Streaming to his extremely popular Twitch channel, it really added a whole new layer to his character and so many of his fellow drivers have followed in his footsteps. During the lockdown, Norris took part in the likes of Veloce’s Not The GP series, the F1 Virtual Grand Prix events, IndyCar and Aussie Supercars iRacing races and the Le Mans 24 Virtual. He may not have been winning everything; certainly after Leclerc, Russell and Albon joined him in the F1 Virtual Grand Prix events, Lando quickly took a back seat to the trio whilst he fought hardware issues.

McLaren Media Centre

But had it not been for Norris, none of them would have had the opportunity to showcase a new side to themselves. Yes, they’re just playing video games but if anything, that makes it all the more important.

Darren Cox – the former head of Nismo and GT Academy – referenced a recent survey that found 72% of people who play video games got into motorsport as a result of racing games, and that the average age of racing fans is declining. He has a point. It’s how I got my foot into the door of motorsport, so F1 needs engaging personalities like Lando and the Esports world to help attract the next generation of racing fans.

Norris is important because of how active he is in the world of sim racing and interacting with his fans. When Lando was invited by IndyCar to compete in the iRacing Challenge round on the Circuit of the Americas he worked with his old performance engineer Andrew ‘Jarv’ Jarvis, who had taken a job in McLaren’s new IndyCar effort.

There are videos of Lando and Jarv from Twitch talking in such excessive and exquisite detail about the setup of the car which, considering how little access we have to racing teams and the process they go through to get the right setup, was extremely fascinating.

In the end, what else is it about Lando? Well, he’s just a very likeable, charismatic, unproblematic chap who is very unassuming, enthusiastic, personable, and has the raw ability to match that. He reminds me so much of Jenson Button, in that he seems so unafraid and easy-going. It takes a lot of effort to dislike him.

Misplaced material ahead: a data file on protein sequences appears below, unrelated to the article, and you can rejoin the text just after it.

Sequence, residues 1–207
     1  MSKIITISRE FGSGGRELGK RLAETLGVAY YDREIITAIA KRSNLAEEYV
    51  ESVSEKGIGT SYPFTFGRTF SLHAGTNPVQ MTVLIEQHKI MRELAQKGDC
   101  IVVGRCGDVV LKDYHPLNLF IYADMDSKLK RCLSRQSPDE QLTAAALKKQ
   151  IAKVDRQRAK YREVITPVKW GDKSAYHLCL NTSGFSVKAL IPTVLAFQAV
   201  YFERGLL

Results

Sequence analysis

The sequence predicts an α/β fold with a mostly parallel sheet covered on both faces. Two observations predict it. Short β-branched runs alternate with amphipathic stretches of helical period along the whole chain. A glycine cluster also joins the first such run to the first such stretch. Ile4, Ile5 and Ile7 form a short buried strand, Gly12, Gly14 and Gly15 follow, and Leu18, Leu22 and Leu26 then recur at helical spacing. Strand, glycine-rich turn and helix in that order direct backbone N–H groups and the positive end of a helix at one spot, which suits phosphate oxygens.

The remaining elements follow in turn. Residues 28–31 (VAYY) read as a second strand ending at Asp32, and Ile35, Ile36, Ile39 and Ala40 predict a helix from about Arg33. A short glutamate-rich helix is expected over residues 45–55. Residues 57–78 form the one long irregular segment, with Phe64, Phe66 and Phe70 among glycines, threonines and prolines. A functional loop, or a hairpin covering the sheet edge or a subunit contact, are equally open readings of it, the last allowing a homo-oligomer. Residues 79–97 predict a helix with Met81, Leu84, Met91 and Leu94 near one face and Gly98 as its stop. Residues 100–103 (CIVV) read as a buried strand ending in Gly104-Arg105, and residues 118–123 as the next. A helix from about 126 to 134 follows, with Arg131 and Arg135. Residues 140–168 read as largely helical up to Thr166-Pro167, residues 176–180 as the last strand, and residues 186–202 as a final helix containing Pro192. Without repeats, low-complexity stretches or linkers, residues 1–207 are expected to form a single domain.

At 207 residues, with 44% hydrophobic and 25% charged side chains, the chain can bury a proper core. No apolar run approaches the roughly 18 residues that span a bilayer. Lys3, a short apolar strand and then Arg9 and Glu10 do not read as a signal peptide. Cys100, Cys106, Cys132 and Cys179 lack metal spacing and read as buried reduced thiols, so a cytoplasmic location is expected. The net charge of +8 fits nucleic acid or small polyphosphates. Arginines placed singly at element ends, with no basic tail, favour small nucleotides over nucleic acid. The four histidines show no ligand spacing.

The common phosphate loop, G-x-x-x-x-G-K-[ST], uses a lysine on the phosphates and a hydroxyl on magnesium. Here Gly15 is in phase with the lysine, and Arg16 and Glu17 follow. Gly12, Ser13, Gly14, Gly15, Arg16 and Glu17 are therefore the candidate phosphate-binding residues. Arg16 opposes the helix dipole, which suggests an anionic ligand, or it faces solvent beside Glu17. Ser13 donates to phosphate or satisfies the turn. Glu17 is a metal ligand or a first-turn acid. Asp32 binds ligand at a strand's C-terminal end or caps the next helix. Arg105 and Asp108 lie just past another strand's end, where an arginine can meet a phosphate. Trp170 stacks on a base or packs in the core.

At the moment, Lewis Hamilton continues to bring new audiences to F1 and leads the charge for F1 to attract a more diverse, multicultural audience that will appeal to new markets. Once Lewis does hang up his helmet, not only will Lando along with the likes of Russell and Albon fill the grandstands at Silverstone, but Lando along with all these new young stars will be the leading lights, spearheading motorsport into the new age.

Oh, and one more thing. Lando Norris is just incredibly relatable. Everyone hears his jokey and enthusiastic radio calls and his infectious giggle, and we are reminded that he’s just like the rest of us. Whilst we would revere other-worldly figures like Ayrton Senna and Michael Schumacher, we relate to Lando and a lot of these younger drivers. We are reminded that they aren’t mighty men who we could never have a hope in hell of being like. Instead, we can be like them no matter what we set our minds to, that we are bound by nothing and we have no anchors holding us back.

 

[Featured image – McLaren Media Centre]